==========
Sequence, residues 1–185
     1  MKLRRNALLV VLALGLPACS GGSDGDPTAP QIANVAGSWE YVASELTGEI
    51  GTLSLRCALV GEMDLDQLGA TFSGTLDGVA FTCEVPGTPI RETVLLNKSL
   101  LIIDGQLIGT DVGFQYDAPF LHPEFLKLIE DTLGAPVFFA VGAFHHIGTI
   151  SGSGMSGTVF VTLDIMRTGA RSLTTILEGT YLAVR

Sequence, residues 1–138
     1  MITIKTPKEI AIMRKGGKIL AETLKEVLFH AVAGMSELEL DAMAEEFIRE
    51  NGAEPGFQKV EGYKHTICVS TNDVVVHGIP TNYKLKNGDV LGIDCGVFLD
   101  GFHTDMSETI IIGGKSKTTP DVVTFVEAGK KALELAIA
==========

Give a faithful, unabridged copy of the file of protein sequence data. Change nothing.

Sequence, residues 1–185
     1  MKLRRNALLV VLALGLPACS GGSDGDPTAP QIANVAGSWE YVASELTGEI
    51  GTLSLRCALV GEMDLDQLGA TFSGTLDGVA FTCEVPGTPI RETVLLNKSL
   101  LIIDGQLIGT DVGFQYDAPF LHPEFLKLIE DTLGAPVFFA VGAFHHIGTI
   151  SGSGMSGTVF VTLDIMRTGA RSLTTILEGT YLAVR

Sequence, residues 1–138
     1  MITIKTPKEI AIMRKGGKIL AETLKEVLFH AVAGMSELEL DAMAEEFIRE
    51  NGAEPGFQKV EGYKHTICVS TNDVVVHGIP TNYKLKNGDV LGIDCGVFLD
   101  GFHTDMSETI IIGGKSKTTP DVVTFVEAGK KALELAIA